Murkowski makes push to ratify Equal Rights Amendment

Demonstrators show their support for the Equal Rights Amendment in Florida in the 1970s.

Demonstrators show their support for the Equal Rights Amendment in Florida in the 1970s. (Public domain photo from State Archives of Florida)

Sen. Lisa Murkowski is pushing to add the Equal Rights Amendment to the U.S. Constitution.

It was a top liberal goal in the 1970s. Murkowski acknowledged that it feels like a blast from the past.

“I think for most people, they think that the Equal Rights Amendment was ratified a long time ago,” she said.

The ERA says the government can’t discriminate on the basis of sex, and it has not been added to the Constitution. Back in March 1972, Congress passed it, and then it was up to the state legislatures to ratify.

“Alaska didn’t even wait a full month,” Murkowski said. “I’m pretty proud of us. Just sayin’. Ratified it in April.”

(That same year, 1972, Alaskans voted overwhelmingly to place a ban on gender discrimination in the state Constitution.)

But by 1982, only 35 states had ratified the ERA — three states shy of the number needed. That was the deadline Congress imposed, so the effort seemed dead.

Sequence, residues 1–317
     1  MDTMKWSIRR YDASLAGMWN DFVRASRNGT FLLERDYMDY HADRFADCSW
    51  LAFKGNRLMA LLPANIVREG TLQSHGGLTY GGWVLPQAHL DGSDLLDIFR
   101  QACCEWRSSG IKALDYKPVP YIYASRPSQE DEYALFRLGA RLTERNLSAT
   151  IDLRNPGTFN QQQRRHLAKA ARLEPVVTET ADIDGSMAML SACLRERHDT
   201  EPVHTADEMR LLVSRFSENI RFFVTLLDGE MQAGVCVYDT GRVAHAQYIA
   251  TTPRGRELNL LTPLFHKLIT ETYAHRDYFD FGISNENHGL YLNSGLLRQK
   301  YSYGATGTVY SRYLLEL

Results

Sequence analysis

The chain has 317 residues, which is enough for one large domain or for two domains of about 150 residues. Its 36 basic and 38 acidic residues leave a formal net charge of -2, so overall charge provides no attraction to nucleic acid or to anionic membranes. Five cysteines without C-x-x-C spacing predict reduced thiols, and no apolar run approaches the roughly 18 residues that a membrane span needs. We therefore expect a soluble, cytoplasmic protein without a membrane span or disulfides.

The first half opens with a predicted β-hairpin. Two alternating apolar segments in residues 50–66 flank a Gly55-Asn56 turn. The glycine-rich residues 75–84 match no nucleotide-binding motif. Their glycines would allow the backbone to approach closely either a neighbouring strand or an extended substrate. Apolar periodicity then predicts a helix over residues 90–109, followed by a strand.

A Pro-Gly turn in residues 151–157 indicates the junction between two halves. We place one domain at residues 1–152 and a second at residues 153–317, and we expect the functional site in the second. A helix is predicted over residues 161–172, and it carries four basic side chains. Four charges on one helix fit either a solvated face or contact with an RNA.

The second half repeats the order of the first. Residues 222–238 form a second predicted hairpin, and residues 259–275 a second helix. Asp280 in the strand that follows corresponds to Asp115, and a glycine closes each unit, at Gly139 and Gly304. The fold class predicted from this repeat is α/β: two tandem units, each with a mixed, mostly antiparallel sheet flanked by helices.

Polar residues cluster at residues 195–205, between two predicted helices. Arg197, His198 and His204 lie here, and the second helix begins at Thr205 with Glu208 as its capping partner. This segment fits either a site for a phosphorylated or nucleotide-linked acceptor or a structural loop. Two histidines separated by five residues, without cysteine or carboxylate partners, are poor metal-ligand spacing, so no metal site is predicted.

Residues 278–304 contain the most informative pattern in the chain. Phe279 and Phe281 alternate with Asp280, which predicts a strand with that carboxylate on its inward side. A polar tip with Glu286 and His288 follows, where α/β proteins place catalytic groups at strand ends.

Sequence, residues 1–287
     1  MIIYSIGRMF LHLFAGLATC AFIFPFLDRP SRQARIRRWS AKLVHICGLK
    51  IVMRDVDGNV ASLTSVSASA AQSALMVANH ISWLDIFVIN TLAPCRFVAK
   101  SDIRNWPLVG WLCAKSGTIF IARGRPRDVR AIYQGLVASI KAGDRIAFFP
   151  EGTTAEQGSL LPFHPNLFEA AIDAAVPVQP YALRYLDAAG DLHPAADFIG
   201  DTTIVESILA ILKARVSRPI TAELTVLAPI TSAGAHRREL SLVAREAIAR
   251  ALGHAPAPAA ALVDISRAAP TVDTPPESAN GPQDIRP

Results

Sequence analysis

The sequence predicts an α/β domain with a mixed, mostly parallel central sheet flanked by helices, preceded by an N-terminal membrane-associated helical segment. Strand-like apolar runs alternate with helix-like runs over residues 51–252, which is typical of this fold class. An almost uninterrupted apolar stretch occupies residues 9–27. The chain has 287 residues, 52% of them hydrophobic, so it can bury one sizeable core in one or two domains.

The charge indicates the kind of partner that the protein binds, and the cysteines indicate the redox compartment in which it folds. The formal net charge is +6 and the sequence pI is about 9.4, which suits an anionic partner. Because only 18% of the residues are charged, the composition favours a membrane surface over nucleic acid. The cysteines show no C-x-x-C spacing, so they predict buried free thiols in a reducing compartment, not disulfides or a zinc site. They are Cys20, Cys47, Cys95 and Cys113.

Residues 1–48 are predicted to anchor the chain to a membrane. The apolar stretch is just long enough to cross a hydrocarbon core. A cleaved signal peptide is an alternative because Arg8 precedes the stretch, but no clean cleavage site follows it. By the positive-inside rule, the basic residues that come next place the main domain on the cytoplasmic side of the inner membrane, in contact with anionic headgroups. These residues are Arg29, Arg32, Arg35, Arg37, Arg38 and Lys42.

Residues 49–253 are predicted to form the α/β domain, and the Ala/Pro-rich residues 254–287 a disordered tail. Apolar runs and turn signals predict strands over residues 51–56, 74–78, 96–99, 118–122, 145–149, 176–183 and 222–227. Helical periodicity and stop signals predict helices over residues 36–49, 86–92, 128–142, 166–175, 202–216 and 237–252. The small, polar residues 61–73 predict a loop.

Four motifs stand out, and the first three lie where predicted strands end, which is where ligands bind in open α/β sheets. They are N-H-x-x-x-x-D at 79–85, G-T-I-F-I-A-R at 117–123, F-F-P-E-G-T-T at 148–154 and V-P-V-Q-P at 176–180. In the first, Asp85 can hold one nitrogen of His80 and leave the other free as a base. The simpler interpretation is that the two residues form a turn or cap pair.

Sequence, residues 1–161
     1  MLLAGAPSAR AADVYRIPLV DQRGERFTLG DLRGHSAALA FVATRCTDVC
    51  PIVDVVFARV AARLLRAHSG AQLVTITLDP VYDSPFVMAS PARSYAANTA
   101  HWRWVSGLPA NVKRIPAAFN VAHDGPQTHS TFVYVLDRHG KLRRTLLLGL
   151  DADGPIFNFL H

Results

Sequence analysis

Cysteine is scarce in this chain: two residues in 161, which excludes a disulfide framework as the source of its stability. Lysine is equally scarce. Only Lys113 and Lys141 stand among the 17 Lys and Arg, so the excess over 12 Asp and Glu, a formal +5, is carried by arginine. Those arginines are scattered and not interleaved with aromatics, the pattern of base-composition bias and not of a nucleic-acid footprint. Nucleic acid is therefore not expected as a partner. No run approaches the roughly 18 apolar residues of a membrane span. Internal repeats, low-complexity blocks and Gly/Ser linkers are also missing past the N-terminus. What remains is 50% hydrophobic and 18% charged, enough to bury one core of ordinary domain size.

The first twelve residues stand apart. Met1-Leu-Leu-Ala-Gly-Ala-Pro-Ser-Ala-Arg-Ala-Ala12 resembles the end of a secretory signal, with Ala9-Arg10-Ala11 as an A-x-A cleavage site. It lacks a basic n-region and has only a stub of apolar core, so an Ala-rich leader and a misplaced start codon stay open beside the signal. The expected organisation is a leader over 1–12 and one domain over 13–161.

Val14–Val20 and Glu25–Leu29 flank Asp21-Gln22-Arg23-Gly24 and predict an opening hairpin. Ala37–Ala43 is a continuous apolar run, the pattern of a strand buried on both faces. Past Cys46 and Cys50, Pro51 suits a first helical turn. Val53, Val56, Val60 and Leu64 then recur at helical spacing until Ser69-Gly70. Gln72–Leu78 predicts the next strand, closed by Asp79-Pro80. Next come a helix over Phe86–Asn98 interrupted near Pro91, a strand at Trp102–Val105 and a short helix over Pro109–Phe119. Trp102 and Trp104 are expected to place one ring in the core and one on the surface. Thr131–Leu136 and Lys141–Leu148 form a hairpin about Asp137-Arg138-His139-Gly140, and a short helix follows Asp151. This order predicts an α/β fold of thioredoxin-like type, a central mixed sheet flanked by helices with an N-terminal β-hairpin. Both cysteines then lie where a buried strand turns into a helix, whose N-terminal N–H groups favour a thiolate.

But then in 2017, Nevada ratified it. Then Illinois.

Murkowski and Sen. Ben Cardin, D-Md., have a new bill that would lift the deadline while proponents work to get one more state to sign on.

The issue was controversial back in the day.

“ERA is a big attack on the rights of the homemaker,” conservative activist Phyllis Schlafly said on “Good Morning America” in 1976. “The laws of every state make it the obligation of the husband to support his wife. To provide her with a home. To support their minor children.”

Some conservatives remain suspect of the ERA, arguing it will strengthen gay or transgender rights, or undermine the rights of churches.

Murkowski calls the amendment long overdue.

“What’s controversial about this?” she asked. “Saying that men and women are equal under the law. That shouldn’t be political.”

Proponents hoped Virginia will be the 38th and final state needed to ratify the amendment. That effort stumbled last week in a committee of the House of Delegates.

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